John Yoswick

John YoswickJohn Yoswick is a freelance automotive writer based in Portland, Oregon, who has been writing about the collision industry since 1988. He is the editor of the weekly CRASH Network (for a free 4-week trial subscription, visit www.CrashNetwork.com).

He can be contacted at john@crashnetwork.com 

Tuesday, 15 November 2016 20:16

Retro News: November 1996, 2001, 2006, 2011

Written by


10 years ago in the collision repair industry (November 2006)

Some level of standardization, guaranteed work and other changes to insurer direct repair programs (DRPs) could give repairers the ability and incentive to offer such things as 24/7 customer service and new performance guarantees, a recent study of the industry concludes.

“Look at the investments and the innovation we in collision repair have brought to the relationship so far – and we don’t have one guarantee that a car is going to show up tomorrow,” industry consultant Beryl Carlew of Carlew & Associates said at the Collision Industry Conference (CIC) in Las Vegas in early November, where he presented the results of his firm’s research. “Do you think for a minute if we had the work to the door, we had metrics that we knew we could exceed, and we were rewarded for that performance, that we wouldn’t entertain…the dreaded 7-days-a-week, might even entertain 24-hours-a-day as an industry opportunity.”

Carlew’s presentation at CIC was based on a nationwide gathering of input from shop owners around the country. More than 380 collision repair business owners participated in meetings held in 20 North American markets to gather ideas and opinions on improving DRPs.

Carlew discussed a list of more than two dozen problems shop owners currently see with DRPs. That list included concerns that DRP guidelines and the “weight” given to various key performance indicators (KPIs) change frequently with little or inadequate written notice to shops; and that discounts and other concessions are required without any guarantee of how much work the DRP will bring to the shop.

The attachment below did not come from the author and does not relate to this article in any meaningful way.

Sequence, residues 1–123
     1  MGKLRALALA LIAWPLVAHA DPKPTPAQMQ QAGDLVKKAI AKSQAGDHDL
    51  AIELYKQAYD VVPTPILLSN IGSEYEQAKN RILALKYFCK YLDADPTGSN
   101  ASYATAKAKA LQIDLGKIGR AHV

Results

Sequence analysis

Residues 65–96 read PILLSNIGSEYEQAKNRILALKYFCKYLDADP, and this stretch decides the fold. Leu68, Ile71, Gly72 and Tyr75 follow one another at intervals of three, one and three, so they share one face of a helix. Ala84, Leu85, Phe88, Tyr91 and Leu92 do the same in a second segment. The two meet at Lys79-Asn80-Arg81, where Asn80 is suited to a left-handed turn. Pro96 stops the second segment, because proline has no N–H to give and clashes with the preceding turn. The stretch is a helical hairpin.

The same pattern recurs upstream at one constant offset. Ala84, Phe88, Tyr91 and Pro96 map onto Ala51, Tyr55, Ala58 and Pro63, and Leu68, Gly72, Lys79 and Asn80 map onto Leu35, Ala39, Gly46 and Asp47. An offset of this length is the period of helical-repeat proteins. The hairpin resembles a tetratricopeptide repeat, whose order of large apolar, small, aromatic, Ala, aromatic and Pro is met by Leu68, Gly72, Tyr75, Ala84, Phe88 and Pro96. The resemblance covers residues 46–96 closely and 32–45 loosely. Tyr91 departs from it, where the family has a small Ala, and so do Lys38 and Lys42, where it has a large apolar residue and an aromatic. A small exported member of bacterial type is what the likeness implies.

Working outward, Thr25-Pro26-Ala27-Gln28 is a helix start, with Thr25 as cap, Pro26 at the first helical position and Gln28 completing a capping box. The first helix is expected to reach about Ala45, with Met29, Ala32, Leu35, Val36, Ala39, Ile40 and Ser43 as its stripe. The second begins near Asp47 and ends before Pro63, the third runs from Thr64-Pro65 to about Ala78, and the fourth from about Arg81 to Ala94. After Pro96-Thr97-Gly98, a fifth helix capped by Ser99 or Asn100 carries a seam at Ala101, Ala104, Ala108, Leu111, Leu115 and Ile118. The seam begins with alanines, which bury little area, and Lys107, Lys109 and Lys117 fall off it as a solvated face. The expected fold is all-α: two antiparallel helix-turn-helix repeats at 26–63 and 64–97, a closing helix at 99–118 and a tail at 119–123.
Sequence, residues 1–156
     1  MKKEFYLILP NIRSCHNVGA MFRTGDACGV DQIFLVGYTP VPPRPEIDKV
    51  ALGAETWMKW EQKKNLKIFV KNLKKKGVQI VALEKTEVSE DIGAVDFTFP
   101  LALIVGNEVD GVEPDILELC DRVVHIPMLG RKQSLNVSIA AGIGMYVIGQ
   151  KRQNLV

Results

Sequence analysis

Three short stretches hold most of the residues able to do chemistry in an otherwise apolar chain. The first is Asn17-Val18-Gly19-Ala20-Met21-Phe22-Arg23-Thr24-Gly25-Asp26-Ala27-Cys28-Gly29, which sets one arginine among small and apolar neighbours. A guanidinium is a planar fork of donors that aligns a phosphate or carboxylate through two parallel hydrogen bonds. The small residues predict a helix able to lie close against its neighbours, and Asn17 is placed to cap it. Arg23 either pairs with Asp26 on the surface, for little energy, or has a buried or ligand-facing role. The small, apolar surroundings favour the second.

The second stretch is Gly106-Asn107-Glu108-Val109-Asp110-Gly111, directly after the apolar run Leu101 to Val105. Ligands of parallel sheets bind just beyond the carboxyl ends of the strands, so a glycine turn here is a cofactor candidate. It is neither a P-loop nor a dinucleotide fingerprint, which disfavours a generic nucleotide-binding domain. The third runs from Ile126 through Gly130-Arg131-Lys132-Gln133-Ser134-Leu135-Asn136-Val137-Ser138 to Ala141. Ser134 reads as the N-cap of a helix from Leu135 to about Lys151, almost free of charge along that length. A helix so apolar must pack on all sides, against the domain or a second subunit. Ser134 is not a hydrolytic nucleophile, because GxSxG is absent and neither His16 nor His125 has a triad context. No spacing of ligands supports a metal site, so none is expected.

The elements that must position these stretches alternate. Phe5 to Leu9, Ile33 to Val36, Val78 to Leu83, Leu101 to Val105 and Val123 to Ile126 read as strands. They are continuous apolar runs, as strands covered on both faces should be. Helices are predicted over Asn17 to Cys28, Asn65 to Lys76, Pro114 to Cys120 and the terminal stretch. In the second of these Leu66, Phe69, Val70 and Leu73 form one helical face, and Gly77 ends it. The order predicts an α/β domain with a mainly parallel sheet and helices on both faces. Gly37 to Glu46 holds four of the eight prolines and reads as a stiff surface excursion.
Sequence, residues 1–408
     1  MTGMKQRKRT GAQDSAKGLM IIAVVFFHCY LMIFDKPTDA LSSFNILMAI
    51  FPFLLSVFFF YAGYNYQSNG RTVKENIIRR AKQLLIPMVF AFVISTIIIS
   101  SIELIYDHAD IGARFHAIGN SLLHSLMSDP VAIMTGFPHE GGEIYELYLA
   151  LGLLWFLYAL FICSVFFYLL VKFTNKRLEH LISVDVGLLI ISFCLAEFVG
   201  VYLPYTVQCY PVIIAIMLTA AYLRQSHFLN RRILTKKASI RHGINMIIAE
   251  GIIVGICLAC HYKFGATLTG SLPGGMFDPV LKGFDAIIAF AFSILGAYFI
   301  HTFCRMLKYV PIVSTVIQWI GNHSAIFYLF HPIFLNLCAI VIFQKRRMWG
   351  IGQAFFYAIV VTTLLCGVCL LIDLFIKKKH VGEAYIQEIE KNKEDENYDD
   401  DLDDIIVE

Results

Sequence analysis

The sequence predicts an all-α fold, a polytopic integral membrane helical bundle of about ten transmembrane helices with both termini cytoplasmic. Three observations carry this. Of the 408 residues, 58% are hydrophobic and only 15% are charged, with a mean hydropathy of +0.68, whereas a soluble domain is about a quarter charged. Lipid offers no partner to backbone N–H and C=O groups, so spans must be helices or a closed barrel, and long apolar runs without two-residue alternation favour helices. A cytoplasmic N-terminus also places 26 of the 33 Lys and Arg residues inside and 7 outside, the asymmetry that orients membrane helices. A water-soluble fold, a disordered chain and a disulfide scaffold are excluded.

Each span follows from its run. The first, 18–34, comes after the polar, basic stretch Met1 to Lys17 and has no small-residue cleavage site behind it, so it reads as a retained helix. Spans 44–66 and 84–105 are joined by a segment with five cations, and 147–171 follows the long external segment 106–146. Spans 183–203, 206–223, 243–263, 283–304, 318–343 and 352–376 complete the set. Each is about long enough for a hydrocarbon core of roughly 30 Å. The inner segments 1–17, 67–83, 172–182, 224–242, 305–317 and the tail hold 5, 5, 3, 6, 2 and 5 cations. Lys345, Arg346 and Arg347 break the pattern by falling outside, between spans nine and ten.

The 130-page report that resulted from the meetings also offers a series of recommendations to improve DRPs. It suggests, for example, that:

• all guidelines and the weighting of various KPIs for a particular DRP be posted to a secure website, along with established timelines for when notices of changes will be posted;

• shops be allowed to use a “blueprinting” rather than “estimating” system, dismantling the vehicle sufficiently to determine all parts and repairs needed prior to beginning repairs; and,

• if a particular part, regardless of type, is not available within 24 hours, the shop be allowed to instead use a part that meets quality standards and is more quickly available.

With such changes, Carlew said, shops indicated a willingness to accept more detailed performance contracts, such as contacting consumers by Noon of the day following receipt of an assignment, seven days a week. But offering additional services or discounts, he said, should be based on rewards for performance and most importantly, an assurance of work.

“How can a carrier walk into a shop and say we’re looking for DRP partners who can handle 100 cars a month, and at the same time say, ‘We cannot guarantee you volume,’” Carlew said.

– As reported in Parts & People.